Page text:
Google's DeepMind's AI 'Student of Games' Outperforms Humans in Variety of Games

JJohn November 15, 2023 11:31 PM

Google's DeepMind has developed an artificial intelligence, referred as 'Student of Games', that can outsmart human players in a multitude of games, such as chess, Go, and poker. This development is seen as a critical advancement towards a more comprehensive artificial intelligence capable of executing any task with superhuman proficiency.

Google's AI excels in strategic games

Google DeepMind's artificial intelligence, known as 'Student of Games' (SoG), has demonstrated its prowess in a range of games, including chess, Go, and poker, that necessitate distinct strategic approaches. This AI is deemed a significant step towards a generalized artificial intelligence that can perform any task with superior efficiency. The lineage of SoG can be traced back to two projects, DeepStack, which was the first AI to beat professional poker players, and AlphaZero, another DeepMind's creation, which has outperformed the best human players in games like chess and Go.

Adaptable AI learns from both game types

SoG begins as a blueprint for learning games and then hones its skills through practice. Unlike DeepMind's previous AI, AlphaZero, which was adept at perfect-knowledge games, SoG can adapt to both perfect and imperfect-knowledge games, making it broadly applicable. In an imperfect-knowledge game, players are unaware of the state of all other players, such as their hands in poker, while in a perfect-knowledge game like chess, both players can see the position of all pieces at all times.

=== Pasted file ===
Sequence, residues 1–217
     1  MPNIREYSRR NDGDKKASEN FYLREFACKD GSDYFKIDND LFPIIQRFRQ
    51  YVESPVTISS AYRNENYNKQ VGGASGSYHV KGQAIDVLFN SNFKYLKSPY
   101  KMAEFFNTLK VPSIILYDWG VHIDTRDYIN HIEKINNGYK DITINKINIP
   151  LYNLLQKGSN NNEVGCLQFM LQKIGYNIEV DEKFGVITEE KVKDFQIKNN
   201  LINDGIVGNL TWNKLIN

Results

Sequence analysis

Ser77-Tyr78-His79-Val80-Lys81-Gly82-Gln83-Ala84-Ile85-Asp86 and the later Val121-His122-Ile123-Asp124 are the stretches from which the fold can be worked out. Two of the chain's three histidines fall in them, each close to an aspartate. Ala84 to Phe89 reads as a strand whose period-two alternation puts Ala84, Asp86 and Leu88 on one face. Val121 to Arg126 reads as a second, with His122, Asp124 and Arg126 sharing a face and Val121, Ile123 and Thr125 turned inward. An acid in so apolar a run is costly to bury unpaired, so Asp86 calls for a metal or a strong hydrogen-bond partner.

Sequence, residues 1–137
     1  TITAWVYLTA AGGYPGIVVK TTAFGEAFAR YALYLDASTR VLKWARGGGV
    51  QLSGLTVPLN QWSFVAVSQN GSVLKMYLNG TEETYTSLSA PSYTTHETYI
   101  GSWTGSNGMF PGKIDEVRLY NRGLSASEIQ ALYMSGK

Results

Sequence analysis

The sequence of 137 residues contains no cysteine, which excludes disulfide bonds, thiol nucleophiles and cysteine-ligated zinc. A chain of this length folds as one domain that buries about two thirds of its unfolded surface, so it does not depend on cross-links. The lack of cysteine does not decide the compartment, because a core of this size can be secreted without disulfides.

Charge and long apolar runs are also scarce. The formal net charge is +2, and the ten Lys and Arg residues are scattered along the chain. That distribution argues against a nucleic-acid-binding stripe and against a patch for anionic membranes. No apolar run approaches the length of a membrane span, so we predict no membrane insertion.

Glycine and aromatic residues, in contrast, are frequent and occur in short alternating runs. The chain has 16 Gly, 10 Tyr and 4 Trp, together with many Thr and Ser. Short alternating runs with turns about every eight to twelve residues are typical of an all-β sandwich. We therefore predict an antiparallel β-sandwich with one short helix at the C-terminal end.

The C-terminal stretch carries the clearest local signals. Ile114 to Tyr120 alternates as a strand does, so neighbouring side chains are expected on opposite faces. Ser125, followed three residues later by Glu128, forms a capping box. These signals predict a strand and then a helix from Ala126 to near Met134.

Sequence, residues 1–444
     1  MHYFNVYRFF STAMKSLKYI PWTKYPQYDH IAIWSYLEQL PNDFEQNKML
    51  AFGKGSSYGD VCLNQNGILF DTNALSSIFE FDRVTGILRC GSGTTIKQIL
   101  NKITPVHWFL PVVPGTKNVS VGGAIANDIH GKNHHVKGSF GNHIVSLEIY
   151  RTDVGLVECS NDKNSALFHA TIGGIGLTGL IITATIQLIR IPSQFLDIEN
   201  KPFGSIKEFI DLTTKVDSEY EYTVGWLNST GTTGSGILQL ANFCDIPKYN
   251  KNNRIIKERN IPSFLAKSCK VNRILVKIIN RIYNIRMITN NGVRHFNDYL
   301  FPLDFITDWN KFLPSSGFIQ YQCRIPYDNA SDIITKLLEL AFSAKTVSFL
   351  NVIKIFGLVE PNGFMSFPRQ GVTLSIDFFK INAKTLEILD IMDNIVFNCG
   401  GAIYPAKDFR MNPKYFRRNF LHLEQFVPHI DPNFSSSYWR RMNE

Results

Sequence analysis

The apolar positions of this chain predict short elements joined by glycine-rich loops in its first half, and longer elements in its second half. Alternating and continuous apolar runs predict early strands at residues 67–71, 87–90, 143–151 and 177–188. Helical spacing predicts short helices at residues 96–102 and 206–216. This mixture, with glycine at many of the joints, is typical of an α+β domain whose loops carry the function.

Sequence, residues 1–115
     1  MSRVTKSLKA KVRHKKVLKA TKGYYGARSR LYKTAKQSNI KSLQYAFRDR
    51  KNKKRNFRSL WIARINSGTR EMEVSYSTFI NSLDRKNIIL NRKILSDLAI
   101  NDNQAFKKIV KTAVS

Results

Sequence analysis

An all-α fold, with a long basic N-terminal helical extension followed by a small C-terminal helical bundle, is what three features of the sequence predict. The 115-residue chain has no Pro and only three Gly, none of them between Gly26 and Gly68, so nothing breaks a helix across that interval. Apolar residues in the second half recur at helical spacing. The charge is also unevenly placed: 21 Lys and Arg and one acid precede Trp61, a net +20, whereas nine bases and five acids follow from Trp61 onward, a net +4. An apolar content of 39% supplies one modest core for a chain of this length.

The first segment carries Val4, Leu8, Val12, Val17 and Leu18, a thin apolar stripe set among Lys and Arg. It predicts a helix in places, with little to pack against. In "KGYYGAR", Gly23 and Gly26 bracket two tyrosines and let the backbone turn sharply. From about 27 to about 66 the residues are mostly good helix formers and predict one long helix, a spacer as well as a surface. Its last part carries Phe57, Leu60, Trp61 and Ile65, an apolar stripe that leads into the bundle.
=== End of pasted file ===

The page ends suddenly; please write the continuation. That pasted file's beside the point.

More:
AI outperforms both human and machine competitors

SoG has been put to the test on various games, including chess, Go, Texas hold'em poker, and Scotland Yard, along with Leduc hold'em poker and a custom-made version of Scotland Yard with a different board. It managed to outperform several existing AI models as well as human players. It is believed that SoG could learn to play other games with the same proficiency, demonstrating its wide-ranging ability.

Despite SoG's impressive performance in various games, critics argue that there is still a long way to go before an AI can be considered generally intelligent. Games, they contend, are controlled settings with clear rules and behaviors, unlike the complexities of the real world. Thus, while SoG's capabilities are remarkable, its application in real-world scenarios remains to be seen.

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